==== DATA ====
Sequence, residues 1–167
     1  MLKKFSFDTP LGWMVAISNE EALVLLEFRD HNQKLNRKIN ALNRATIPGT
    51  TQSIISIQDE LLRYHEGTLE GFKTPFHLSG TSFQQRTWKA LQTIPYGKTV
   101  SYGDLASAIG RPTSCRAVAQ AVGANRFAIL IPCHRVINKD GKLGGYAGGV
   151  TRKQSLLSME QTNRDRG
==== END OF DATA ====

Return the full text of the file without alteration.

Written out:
Sequence, residues 1–167
     1  MLKKFSFDTP LGWMVAISNE EALVLLEFRD HNQKLNRKIN ALNRATIPGT
    51  TQSIISIQDE LLRYHEGTLE GFKTPFHLSG TSFQQRTWKA LQTIPYGKTV
   101  SYGDLASAIG RPTSCRAVAQ AVGANRFAIL IPCHRVINKD GKLGGYAGGV
   151  TRKQSLLSME QTNRDRG